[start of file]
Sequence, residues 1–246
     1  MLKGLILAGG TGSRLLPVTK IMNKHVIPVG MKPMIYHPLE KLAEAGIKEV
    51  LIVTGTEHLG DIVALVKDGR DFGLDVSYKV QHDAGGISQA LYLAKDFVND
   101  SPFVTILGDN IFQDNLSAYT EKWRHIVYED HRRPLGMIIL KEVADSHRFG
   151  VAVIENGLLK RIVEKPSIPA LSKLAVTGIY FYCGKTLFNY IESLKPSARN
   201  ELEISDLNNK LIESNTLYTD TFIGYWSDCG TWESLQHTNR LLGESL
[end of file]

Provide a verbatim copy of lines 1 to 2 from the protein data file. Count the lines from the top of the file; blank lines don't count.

Sequence, residues 1–246
     1  MLKGLILAGG TGSRLLPVTK IMNKHVIPVG MKPMIYHPLE KLAEAGIKEV